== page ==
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With Infertility, You Find Out Who Your Friends Are
The friends thou hast, and their adoption tried,
Grapple them to thy soul with hoops of steel.
-Hamlet: Act I, Scene iii
When I was going through fertility treatment, I learned deeply about the salve of true relationship. Although in the above quote, it is Pop advising his son, Laertes, about the prudence of friendship before Laertes goes to the raucous Paris of yore, it is timeless advice. My friend, an English department chair and Shakespearean professor, describes Pop’s advice: "You have these people you call friends. Focus on the ones that have been tested in some way. (Not those fair-weather, superficial friends.) Make a strong effort to embrace those friendships. Pay attention, in other words. Make an effort. Don't let anything separate you from your real friends." (Thanks, David.) I think that it is especially important advice for those times that are really, really arduous — death, infertility, or losing a loved one.
Let me regale you with very different experiences that I had with friends during infertility. The first that comes to mind was a philosopher, a sailor by heart, a professor by day. She sat me down several times to encourage me when I felt like continuing treatment was for naught. This woman was present during my darkest times and still, to this day, we touch base with each other, meaningfully, I might add. She intentionally stayed with me as I imagine she has with many others in her life.
Another friend had an unspoken way of tending to my soul by hand-delivering pretty, feminine nightwear for another hospital stay or leaving me with what seemed like bushel baskets of Dove chocolates and handwritten notes.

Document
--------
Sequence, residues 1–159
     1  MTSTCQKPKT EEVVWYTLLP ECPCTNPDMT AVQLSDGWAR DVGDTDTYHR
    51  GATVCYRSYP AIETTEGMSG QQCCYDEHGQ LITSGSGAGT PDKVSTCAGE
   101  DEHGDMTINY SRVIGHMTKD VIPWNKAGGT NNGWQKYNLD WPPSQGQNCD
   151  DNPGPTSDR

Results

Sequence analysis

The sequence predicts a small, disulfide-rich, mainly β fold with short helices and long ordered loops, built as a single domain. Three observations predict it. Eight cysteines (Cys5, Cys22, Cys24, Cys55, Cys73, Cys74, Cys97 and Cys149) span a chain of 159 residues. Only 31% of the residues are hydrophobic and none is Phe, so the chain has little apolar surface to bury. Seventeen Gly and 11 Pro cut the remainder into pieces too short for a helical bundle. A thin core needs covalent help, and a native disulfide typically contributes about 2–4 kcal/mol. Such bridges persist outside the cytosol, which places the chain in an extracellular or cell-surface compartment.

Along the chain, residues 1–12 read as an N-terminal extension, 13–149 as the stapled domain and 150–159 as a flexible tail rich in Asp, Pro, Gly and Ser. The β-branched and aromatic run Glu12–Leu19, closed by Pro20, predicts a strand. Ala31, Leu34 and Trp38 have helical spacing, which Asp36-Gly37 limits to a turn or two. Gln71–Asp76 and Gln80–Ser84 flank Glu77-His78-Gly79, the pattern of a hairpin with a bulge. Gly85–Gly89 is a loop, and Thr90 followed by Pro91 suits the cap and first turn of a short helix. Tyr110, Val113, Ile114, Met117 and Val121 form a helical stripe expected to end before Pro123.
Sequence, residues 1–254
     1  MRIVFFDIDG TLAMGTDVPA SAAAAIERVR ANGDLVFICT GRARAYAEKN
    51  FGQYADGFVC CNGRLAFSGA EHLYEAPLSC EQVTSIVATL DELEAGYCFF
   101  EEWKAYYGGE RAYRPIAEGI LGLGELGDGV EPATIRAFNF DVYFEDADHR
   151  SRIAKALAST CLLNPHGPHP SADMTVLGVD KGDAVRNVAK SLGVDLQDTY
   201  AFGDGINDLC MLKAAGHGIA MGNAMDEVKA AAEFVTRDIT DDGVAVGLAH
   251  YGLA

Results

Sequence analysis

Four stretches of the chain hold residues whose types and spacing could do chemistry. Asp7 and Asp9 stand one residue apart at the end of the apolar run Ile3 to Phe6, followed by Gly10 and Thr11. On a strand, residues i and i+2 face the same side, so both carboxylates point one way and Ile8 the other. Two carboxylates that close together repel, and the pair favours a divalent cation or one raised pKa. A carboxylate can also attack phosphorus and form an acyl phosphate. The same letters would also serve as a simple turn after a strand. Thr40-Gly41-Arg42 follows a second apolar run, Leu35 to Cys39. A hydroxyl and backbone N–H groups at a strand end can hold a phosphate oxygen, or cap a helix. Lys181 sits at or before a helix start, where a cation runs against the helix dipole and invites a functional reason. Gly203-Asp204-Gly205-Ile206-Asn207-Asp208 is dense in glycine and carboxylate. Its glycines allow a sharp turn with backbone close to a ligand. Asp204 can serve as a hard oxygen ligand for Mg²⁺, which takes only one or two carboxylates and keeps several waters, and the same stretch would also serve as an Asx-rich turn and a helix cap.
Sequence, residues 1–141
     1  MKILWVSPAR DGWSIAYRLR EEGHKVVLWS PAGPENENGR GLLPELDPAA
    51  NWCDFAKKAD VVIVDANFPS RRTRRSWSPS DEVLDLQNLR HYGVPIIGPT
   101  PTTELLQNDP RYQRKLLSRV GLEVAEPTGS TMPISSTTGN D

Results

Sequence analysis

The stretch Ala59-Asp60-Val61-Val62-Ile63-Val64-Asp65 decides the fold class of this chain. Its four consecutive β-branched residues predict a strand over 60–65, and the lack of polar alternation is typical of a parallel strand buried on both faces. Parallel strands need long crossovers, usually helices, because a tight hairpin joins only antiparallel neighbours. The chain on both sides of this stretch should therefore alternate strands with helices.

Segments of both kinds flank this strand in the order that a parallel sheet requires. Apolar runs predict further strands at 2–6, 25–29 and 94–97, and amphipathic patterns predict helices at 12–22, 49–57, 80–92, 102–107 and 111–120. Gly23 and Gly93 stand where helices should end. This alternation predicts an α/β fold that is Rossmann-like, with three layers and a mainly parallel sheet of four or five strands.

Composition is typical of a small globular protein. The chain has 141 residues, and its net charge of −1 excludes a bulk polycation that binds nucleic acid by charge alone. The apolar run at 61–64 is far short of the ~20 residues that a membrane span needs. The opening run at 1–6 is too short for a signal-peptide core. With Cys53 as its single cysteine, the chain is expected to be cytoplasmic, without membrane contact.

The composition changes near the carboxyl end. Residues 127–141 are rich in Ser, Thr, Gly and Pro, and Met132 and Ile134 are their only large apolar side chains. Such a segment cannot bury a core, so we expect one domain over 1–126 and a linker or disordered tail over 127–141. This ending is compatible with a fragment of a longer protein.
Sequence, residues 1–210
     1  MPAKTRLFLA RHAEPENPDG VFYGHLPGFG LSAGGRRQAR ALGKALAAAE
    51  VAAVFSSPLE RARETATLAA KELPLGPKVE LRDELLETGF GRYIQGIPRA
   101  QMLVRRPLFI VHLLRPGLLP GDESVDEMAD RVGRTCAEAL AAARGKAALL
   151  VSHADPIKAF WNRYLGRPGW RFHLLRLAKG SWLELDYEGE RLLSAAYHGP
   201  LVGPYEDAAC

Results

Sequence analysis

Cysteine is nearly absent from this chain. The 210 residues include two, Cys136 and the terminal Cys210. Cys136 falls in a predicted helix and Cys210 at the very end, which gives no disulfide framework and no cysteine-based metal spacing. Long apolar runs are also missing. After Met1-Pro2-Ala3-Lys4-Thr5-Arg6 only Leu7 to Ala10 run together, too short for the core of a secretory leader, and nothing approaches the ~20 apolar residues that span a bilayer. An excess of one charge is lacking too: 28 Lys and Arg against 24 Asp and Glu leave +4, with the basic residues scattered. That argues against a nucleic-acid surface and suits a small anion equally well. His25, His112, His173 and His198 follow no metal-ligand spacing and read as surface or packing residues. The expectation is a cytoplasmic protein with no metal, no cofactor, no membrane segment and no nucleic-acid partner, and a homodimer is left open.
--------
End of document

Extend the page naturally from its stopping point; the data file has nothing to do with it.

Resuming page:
Juxtapose this against a friend who decided that my eating habits were preventing pregnancy and called my doctor without my knowledge to impart her suspicion to him. Although eating disorders can certainly be harmful, can cause fertility problems and even be lethal, I have never been diagnosed by a professional with an eating disorder. I was shattered. My doctor called me, told me about the phone call, had me assessed, and the verdict was that I had no evidence of an eating disorder though my habitus has often been on the scrawny side during life.
It goes without saying which friend built me up and which I wanted to flee, though I think the latter person simply was tilting at windmills because she watched as I became more and more diminished as fertility treatment dragged on.
I have witnessed this dynamic between fertility patients and their friends. I think that oftentimes these friends want badly to help us but can come off as adversarial instead of supportive. Patients are all unique of course. Some wish to share their journey with friends and family, even employers, and some will have none of it, opting to cope alone. Though I suppose psychiatric professionals would undoubtedly advocate for the former scenario, I have seen lots of patients do well with confiding in her partner, and maybe scribbling down thoughts and trials on paper.
If you are one of the people who is comfortable letting trusted people know about your fertility challenges, you may want to keep a list handy with their names and phone numbers. I did this and that list provided solace during many inky nights when I refused to wake my husband to talk. (I actually still have the list in the top drawer of my bedside table!) Trust your gut; your true friends will prove themselves, and they may not be the ones that were with you when your fertility journey commenced. True friends will answer your call at 2 a.m., ones to whom you can tell anything, ones who will love you even if you don’t feel particularly lovable at that moment.
Remember, there is no right or single way to cope and traverse grief. Your own way is just that — your unique print in life. Be well.